This past academic year, through the efforts of Teresa Neighbors, Belinda Robnett and others, UC Irvine was awarded a $20,000 grant from the American Association of Colleges and Universities (AAC&U) to establish on campus a Truth, Racial Healing and Transformation Center. Social sciences will consolidate existing diversity-related outreach and education activities (Global Connect and the Diversity, Inclusion and Racial Healing Ambassadors program) under the TRHT Center. This effort will result in greater coordination as well as assist in attracting additional philanthropic support.

I am pleased to announce that with a generous gift from Larry Kugelman as well as a gift from Tom Boellstorff and myself, we will match the funding provided by the AAC&U in support of the TRHT Center. I invite others to join me in supporting its important work. Those in a position to give can do so here or contact Tracy Arcuri at

Valuing Diversity Work in Academic Personnel Reviews:

The school will draft a statement of our commitment to value the hidden labor of faculty serving our diverse student body and contributing to an inclusive climate, and supporting anti-racism through research, teaching and service. Departments will be expected to use these guidelines when reviewing contributions to diversity in personnel reviews.

Diversity and Equitable Inclusion Awards (junior and senior faculty awards, graduate student award):

While the school has led the campus in recognizing our colleagues' achievements in activities promoting diversity and anti-racism in service, teaching and research, our awards are currently unfunded. We commit to deploying donor funds to properly honor the recipients of these awards.


Research Funding for Pilot Projects:

With the generous support of the Dean's Leadership Society, the school will launch a new small grants program ($15,000 annually) to support faculty and graduate student activities to address systemic racism; police use of force; alternatives to policing; alternatives for economic empowerment; addressing implicit bias; disparities in health, education and housing; and global and critical race scholarship across the disciplines. This effort will be coordinated by the associate dean for research and graduate studies.

Undergraduate Research Funding for Black Lives:

The school will provide funding for undergraduate student research to address racism and anti-Blackness. This initiative will be coordinated by the associate dean for undergraduate studies. We announce $1,000 annually in support of this effort from the school's Board of Councilors, our philanthropic leaders.

Justice and Equity Research Paper Awards:

The school announces a paper award funded to the amount of $1,000 annually from our Board of Councilors for top graduate and undergraduate research paper(s) addressing race, racism, equity, justice, and other related topics. This will be administered by the associate deans for undergraduate studies and research and graduate studies.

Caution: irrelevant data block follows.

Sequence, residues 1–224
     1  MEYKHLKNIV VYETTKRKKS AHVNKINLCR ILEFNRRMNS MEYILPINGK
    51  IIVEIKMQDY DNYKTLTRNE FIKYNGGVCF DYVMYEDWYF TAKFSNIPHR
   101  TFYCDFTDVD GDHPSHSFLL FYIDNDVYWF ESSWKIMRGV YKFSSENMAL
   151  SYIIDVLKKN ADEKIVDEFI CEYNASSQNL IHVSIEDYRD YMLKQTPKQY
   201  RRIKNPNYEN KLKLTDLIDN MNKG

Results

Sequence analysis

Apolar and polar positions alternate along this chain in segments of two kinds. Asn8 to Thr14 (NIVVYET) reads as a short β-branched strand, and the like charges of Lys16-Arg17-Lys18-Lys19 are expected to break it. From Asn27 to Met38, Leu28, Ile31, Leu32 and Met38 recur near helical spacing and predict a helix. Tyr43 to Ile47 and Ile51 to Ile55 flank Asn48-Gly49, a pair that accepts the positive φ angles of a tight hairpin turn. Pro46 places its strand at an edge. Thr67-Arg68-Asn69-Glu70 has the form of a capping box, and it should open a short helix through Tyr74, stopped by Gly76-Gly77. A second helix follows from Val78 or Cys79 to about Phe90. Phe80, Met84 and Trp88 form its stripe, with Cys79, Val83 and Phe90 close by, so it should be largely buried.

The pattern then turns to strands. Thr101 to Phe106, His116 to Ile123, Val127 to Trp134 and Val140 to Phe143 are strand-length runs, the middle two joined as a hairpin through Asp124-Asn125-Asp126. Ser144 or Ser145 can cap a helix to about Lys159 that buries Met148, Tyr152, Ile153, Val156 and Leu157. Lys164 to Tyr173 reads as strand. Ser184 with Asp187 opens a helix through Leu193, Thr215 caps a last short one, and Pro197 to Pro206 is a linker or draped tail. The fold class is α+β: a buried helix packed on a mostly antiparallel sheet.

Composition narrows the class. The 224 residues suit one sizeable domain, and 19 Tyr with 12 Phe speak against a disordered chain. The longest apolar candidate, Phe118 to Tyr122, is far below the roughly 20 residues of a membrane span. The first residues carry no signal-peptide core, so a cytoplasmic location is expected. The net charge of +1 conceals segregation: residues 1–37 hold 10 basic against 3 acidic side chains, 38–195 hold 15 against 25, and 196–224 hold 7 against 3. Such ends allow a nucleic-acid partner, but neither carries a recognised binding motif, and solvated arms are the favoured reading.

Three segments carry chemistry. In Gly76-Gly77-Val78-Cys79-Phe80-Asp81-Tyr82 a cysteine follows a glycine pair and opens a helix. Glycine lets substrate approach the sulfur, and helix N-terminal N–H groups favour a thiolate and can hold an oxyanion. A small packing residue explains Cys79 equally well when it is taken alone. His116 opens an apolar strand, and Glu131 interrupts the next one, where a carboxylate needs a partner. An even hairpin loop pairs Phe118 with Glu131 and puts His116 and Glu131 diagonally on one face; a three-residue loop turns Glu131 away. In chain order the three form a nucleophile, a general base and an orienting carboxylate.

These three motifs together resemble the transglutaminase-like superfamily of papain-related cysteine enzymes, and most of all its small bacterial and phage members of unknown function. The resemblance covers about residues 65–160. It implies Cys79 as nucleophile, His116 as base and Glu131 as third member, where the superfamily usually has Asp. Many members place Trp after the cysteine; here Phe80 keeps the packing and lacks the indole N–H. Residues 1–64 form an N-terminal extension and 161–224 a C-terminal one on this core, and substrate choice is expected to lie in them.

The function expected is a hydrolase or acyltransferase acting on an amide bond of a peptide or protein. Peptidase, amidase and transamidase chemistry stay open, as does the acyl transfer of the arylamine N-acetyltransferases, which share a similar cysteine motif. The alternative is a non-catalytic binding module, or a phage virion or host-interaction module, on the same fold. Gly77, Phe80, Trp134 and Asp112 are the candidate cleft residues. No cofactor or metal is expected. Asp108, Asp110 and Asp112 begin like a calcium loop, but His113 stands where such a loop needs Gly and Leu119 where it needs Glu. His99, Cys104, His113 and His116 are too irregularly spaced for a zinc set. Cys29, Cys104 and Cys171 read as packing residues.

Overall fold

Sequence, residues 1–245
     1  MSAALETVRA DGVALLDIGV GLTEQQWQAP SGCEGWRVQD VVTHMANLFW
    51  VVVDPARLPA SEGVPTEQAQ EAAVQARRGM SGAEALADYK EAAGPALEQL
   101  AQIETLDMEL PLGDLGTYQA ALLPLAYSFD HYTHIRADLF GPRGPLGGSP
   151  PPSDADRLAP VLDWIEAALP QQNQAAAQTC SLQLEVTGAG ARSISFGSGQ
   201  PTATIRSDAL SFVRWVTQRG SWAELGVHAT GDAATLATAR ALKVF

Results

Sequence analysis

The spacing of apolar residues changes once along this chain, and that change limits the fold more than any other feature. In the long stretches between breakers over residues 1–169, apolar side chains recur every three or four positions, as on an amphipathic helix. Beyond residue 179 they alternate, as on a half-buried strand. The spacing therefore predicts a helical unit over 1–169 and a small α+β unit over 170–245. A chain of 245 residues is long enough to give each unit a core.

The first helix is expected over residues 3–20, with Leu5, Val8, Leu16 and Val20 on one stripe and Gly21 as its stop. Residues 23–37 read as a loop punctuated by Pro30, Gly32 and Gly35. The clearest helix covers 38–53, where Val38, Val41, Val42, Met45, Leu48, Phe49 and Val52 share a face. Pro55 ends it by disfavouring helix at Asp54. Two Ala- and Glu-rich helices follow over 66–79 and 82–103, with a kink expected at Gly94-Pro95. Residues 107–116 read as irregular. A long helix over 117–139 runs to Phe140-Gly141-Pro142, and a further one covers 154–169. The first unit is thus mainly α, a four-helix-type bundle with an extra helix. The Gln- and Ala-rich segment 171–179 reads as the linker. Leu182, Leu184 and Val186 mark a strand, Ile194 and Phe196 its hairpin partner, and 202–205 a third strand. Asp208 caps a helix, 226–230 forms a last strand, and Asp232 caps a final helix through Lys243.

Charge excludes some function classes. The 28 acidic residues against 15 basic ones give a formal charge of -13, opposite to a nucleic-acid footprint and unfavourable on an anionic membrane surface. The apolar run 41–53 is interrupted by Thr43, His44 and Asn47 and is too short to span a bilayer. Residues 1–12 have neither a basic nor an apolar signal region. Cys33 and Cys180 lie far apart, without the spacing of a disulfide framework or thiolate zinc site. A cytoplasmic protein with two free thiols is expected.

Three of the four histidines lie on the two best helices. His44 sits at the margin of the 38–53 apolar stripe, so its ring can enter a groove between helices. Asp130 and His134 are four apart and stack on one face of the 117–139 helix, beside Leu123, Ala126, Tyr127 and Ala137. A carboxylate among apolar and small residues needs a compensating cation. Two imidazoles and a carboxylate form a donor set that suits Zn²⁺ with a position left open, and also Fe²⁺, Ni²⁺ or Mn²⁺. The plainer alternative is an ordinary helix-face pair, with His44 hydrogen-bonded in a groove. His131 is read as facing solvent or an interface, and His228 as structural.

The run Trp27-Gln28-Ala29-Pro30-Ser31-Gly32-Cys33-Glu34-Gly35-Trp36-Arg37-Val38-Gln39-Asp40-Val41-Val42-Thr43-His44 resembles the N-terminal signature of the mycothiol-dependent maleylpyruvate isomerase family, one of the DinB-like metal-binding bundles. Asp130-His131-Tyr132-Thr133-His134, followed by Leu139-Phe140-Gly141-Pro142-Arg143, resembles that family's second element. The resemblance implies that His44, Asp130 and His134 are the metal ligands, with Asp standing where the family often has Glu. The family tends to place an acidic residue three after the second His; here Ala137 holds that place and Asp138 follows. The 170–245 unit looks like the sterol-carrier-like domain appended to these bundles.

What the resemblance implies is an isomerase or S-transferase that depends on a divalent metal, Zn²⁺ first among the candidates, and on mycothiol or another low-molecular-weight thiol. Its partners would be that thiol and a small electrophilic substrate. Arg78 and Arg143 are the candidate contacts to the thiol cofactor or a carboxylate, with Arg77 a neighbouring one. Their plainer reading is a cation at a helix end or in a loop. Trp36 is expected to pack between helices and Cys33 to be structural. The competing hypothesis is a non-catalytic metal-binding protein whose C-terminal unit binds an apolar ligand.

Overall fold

Student support

Summer Academic Enrichment Program (SAEP):

For over 20 years, SAEP has been supporting first-gen and underrepresented minority students through an intensive, residential summer academic program. The school will expand and enhance SAEP, and explore other models for its programming and curriculum in order to reach more students, with the aim of at least doubling participation.

Anti-Blackness and Fighting Racism Scholar Program:

The Social Sciences Academic Resource Center, which provides career development and resources for undergraduates seeking internships and applying to graduate and professional school, will launch a new program to host panels, faculty dialogues, and book talks devoted to anti-Blackness and racial justice.

Competitive Edge:

This year the school is supporting 3 additional Competitive Edge graduate students (above the number already admitted) to participate in the Competitive Edge program. The school will at least double this commitment going forward.


Change School Requirements:

The school will work to create a new undergraduate school requirement devoted to cultural competence, empathy, and humility. The requirement will be for all incoming freshmen and transfer students.

Create and Maintain a Curated List of Courses, and Incentivize New Course Development:

The school will create and maintain a curated list of existing classes on race and racism, and will work with chairs to identify curricular gaps and develop a call for proposals to incentivize the creation of new undergraduate and graduate classes and mini-classes addressing systemic racism and inequality. Such incentives will include funded, part-time graduate student support for course development.


Associate Deans for Access:

The associate dean for undergraduate studies will enlist her colleagues across campus to conduct outreach at low-income schools with predominantly racial ethnic minority students. The school will support undergraduate student "Access Coaches" to serve as mentees to guide racial ethnic minorities in their college application process. The program will have an ongoing set of activities for students who are accepted to UCI and join our school.

Anti-Racism Resources

Campus Resources and Incident Reporting

Videos and Recorded Discussions